Editor’s Note: The following review of Bad Girls Go Everywhere: The Life of Helen Gurley Brown, by Jennifer Scanlon, originally appeared in the May 4, 2009, issue of National Review.
We live in the age of the full disclosure, so I am obliged to issue one about this biography of Cosmopolitan magazine’s legendary editor: I’m in it.
Commenting on Helen Gurley Brown’s firm belief that what men don’t know about a woman’s sexual history won’t hurt them, her biographer Jennifer Scanlon writes: “Her all-time favorite Cosmopolitan piece, ‘The Contraception Capers,’ offered a humorous 1970s look back on sexual practices during the 1950s.” It was about birth control before the Pill and my original title was “The Sperm and I.” I liked mine better and so did Helen, but she decided that it was too explicit for “upstairs,” as she called the always-nervous Hearst executives, so she presented them with a toned-down title before they had a chance to object. As one of the editors later explained, this etched in their minds a portrait of a suddenly self-chastened Helen, rendering them sufficiently hors de combat long enough to enable her to get the entire explicit article into the magazine without being challenged.
Helen Gurley Brown combines the deftness of a Talleyrand with a compulsive girlishness that, during her 32 years as editor-in-chief, made her italicize every word having the slightest emotional context and decorate Cosmo’s breathless copy with strings of exclamation marks. To call her a study in contradictions is an understatement because there are more than two of her, but Jennifer Scanlon never meets an incarnation that fazes her in her recounting of what she calls a “delightfully knotty life story.”
Now 87, HGB has been kicked upstairs to the post of Cosmo
’s international editor at a salary of $2 million a year, but she could match any politician in the poorer-than-thou campaign testimonial. Born in Green Forest, Ark., a tiny town in the Ozarks, she has frequently said: “I had no money, no college degree, an average IQ, wall-to-wall acne, and my family were hillbillies.” They weren’t. Her mother, whose family traced itself back to the earliest Spanish explorers, taught school. Her paternal great-great-grandfather’s will left 13 slaves to his widow; her father graduated from law school, served as Arkansas fish-and-game commissioner, and was elected to the state legislature, where he voted against the women’s suffrage amendment. He was getting ready to run for secretary of state when he was killed in a freak elevator accident in the state house when Helen was ten.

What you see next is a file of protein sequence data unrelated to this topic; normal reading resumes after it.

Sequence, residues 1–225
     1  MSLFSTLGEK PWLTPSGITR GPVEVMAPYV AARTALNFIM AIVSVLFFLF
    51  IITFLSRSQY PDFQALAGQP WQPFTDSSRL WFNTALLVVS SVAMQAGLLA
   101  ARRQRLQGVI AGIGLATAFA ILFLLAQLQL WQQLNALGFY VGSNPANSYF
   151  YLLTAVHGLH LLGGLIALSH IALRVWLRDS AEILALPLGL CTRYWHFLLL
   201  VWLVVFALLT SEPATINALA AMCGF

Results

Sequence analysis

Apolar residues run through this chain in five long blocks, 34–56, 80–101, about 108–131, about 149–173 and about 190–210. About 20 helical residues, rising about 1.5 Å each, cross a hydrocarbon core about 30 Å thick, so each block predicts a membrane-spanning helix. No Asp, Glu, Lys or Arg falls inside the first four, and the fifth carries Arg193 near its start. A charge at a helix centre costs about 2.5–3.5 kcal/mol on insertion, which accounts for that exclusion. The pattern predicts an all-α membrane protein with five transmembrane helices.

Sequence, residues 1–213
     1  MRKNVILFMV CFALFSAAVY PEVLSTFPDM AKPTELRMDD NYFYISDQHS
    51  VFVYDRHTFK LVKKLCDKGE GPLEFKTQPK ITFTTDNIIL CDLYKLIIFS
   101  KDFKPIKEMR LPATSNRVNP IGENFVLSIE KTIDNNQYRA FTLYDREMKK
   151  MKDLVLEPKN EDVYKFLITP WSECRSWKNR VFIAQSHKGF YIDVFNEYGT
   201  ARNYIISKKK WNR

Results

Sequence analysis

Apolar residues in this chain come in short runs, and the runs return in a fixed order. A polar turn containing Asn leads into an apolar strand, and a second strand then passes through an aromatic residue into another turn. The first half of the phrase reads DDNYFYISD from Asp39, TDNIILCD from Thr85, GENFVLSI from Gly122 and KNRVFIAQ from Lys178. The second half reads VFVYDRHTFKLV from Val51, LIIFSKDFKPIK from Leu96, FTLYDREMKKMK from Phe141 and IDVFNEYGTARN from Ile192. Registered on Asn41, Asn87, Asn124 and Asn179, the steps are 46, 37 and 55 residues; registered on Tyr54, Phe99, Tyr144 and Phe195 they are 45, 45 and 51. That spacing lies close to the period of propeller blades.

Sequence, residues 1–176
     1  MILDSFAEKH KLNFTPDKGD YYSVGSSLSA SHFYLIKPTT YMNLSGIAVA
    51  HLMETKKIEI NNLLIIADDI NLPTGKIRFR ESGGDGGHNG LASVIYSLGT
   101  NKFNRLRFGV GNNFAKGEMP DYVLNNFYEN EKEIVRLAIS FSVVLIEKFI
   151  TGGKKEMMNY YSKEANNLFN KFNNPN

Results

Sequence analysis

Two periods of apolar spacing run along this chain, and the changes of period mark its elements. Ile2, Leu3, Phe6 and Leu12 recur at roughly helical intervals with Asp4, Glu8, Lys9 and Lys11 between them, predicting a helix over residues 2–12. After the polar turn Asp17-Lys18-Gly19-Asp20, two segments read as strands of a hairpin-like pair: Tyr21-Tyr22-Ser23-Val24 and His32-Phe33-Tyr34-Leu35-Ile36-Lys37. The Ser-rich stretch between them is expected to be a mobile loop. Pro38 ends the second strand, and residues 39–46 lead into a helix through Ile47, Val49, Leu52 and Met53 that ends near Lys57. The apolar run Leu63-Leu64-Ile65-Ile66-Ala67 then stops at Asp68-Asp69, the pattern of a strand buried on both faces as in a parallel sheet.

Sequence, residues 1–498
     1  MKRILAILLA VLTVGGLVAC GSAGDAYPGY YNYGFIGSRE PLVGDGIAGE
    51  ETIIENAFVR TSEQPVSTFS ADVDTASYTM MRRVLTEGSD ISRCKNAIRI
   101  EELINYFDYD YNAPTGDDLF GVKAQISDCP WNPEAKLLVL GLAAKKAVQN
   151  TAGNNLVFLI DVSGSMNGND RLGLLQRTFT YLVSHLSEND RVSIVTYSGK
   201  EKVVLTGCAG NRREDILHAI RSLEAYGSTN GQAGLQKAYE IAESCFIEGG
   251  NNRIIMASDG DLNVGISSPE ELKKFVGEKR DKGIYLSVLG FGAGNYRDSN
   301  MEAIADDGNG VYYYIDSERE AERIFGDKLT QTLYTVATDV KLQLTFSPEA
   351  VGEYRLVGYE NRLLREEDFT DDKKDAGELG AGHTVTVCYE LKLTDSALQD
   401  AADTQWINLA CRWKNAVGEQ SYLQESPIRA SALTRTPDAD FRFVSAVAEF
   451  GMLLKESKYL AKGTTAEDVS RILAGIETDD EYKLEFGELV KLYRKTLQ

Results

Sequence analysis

Hard times followed. Her older sister caught polio and was permanently paralyzed. Her shellshocked mother took in sewing for a while, then moved herself and her daughters to Los Angeles and fed her resentment by running down Helen’s looks. At this, the lowest point in her life, she was what Southerners call a “poor thing” and what she, years later, called a “mouseburger” — the kind of girl she would inspire, instruct, and build up, first in her bestselling 1962 book, Sex and the Single Girl, and then in the pages of Cosmo.
She did not remain a mouseburger for long. The acne cleared up and, by dint of sheer determination and charm, she became one of the “in” crowd at her Los Angeles high school. And though she would continue to lay claim to a mediocre intellect, she was valedictorian of her 1939 class back when Los Angeles had one of the finest school systems in the country. It was at this time that she threw off her mother’s power to erode her self-confidence. She had bettered herself by trying her damnedest. Meanwhile her mother, instead of setting her cap for an alpha male who could take care of her, had given up and married the Good Humor man.
Unable to afford college, Helen went to business school and began the climb up the office ladder, in one of the few white-collar occupations then open to women. She had 17 secretarial jobs before landing as a copywriter at the Foote, Cone & Belding ad agency. Years later she would tell an interviewer, “I’ve never worked anywhere . . . without being sexually involved with somebody in the office,” so we can simply count her jobs, or we can see what she said when she was more passionately aroused: “Use your own guts and energy to improve yourself, your job, your intellect, and every other possible thing. You can’t sleep your way to the top or even to the middle, and there is no free lunch. You have to do it yourself, so you might as well get started.”
Scanlon calls this “Horatio Alger feminism,” designed to appeal to the young, lower-middle-class, non-college women who read Cosmo. It was one of the three trajectories of feminism that competed in the period starting in the 1960s. Another was Betty Friedan’s Feminine Mystique feminism, driven by the “problem without a name,” i.e., the vapidity of suburban life endured by college-educated women who felt their education and talents going to waste in wife-and-motherland. A third was Movement Feminism, the left-wing variety promoted by Ms. Magazine that coined “sexism,” “sex object,” and “male chauvinism” and held workshops on the evils of capitalism.
It was inevitable that HGB would clash with the Movement. She regularly enraged them with statements like “If you’re not a sex object, you’ve got trouble” and — when they called cosmetics unnatural — “Cosmetics were never meant to be natural, and men have always known it is fun to be fooled.” But what really made her lose her cool was their campaign to stamp out sexual harassment. This involved sacred ground because most sexual harassment happens in offices. A Cosmo Girl without an office is like Bwana without a game preserve. There must be great herds of rutting wildebeest stampeding out of elevators, thundering down tiled halls, headed straight toward the sleek, tawny lionesses lurking in wait for them. If there aren’t, you’ve got trouble.